Everyone wants to contribute something significant to the world, to play a meaningful part in the cosmic symphony we call life. This desire is a basic component of what it means to be human. We yearn to expand beyond our limited sphere of existence and become a part of something meaningful, something infinitely greater than ourselves. Ego and fame aside, this yearning stems from a deep spiritual place, an inner knowledge that at root we, in fact, are part of something infinitely greater than ourselves. Each one of use is an integral piece in a collective whole that transcends the sum of its parts. The question in life is not whether we wish to accomplish something significant with the life we’ve been given, the question is how. How can I become more self-aware, more disciplined, more caring, more successful? This is the human saga, a tale of struggle and progress, setback and evolution. This theme is potently expressed in this week’s parsha, Acharei Mos.
Acharei Mos begins by describing Aharon Ha’Kohen’s Yom Kippur avodah, his divine service on the Day of Atonement. Enigmatically, Hashem commands Aharon to first bring a korban- a sacrifice- to atone for his own sins, and only afterward to bring the korban to atone for the sins of the Jewish people as a whole. This appears antithetical to Aharon’s role as spiritual leader of the Jewish people. A leader is called upon to be selflessly, unequivocally devoted to his people, putting their needs before his or her own. Why then does Aharon place his own needs before those of the people? What deep lesson did he intend to teach?
Chayecha Kodmin vs. Vi’Ahavta Li’Rei’acha Kamocha
This very same issue is at the root of a discussion that takes place in the Gemara. The Rabbis of the Talmud, in Bava Metzia 62a, discuss the case of two men stranded in a desert with a single flask of water between them, belonging to one of the two men. If the owner of the flask drinks the water, he can survive long enough to make it safely back to civilization. If he shares his water, both men will die. The initial opinion, as quoted in the gemara, was that the man must share his water. This opinion stood until Rabbi Akiva came along and contested it, stating that “chayecha kodmin” – your life comes first, therefore the owner of the water must save his own life at the expense of his friend’s.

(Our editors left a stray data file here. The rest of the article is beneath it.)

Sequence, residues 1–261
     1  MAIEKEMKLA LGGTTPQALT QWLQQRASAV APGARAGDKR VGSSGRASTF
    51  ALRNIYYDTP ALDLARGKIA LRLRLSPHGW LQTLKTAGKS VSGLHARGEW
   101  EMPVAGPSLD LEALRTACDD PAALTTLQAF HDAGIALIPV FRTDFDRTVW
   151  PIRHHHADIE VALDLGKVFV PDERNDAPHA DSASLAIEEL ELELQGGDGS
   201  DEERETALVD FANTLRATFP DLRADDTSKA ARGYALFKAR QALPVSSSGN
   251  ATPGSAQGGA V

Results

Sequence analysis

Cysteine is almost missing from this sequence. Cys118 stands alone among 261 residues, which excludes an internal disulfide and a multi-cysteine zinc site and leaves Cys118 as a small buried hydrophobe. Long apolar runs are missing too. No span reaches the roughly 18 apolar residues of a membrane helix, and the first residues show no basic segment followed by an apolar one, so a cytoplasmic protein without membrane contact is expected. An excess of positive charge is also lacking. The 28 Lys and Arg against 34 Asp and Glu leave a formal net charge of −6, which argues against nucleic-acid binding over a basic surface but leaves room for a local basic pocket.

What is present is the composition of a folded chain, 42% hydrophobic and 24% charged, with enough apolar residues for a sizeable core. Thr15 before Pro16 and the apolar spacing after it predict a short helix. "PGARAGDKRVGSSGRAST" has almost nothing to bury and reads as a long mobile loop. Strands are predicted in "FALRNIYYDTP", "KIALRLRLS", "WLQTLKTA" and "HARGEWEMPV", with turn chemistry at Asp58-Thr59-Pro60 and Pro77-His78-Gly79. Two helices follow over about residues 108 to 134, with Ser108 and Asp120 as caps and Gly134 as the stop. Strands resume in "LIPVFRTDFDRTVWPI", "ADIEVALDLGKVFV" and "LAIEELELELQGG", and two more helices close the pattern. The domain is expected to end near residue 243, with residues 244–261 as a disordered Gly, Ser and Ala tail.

Although this statement of Rabbi Akiva appears logically justifiable, it is shocking in that it seems to completely contradict another famous statement of Rabbi Akiva. One of Rabbi Akiva’s most famous statements and principles is, “v’ahavta l’reiacha kamocha, zeh klal gadol b’Torah” – Love your friend as you love yourself, this is the most foundational principle in the Torah. If this statement is true, and if it represents Rabbi Akiva’s view, then how can he say chayecha kodmin, that you should prioritize your own life? Is this not a contradiction to loving your friend as yourself?
The Two Step Process
To understand Rabbi Akiva’s opinion and the meaning behind the order of Aharon’s sacrifices, we must establish a fundamental prerequisite and requirement for giving. In order to give, you must first have that which you want to give. In order to contribute to this world, you must first build something worth contributing. In order to love others, you must first love yourself. The first step of life is building internally, developing your own skills and gifts. This means building your mind and inner world, developing your beliefs and convictions, your understanding of Hashem and His Torah. Simultaneously, we must build our middos (character traits) and personality, work on our self-discipline, and craft the ideal lifestyle to maximize our potential in this world. Only then is it possible to expand outwards and contribute to Klal Yisrael and the world as a whole.
When Giving Isn’t Giving
Many people have an incredible desire to give, but nothing to actually contribute. It’s wonderful to strongly wish to give one million dollars to tzedakah- charity. But if you have no money, that wish isn’t very helpful. It’s marvelous to want to be a role model and a teacher, but if you possess no knowledge nor character traits that should be modeled, what good is that? Of course, the desire is praiseworthy, but in reality, you can’t contribute anything. The same goes for a marriage. My wife and I often discuss how marriage can only be as great as the two spouses themselves. The marriage is the result of what each spouse invests into and contributes to the marriage, each spouse expands themselves outwards by giving themselves into the relationship. But if neither has anything to give, what kind of marriage would that be?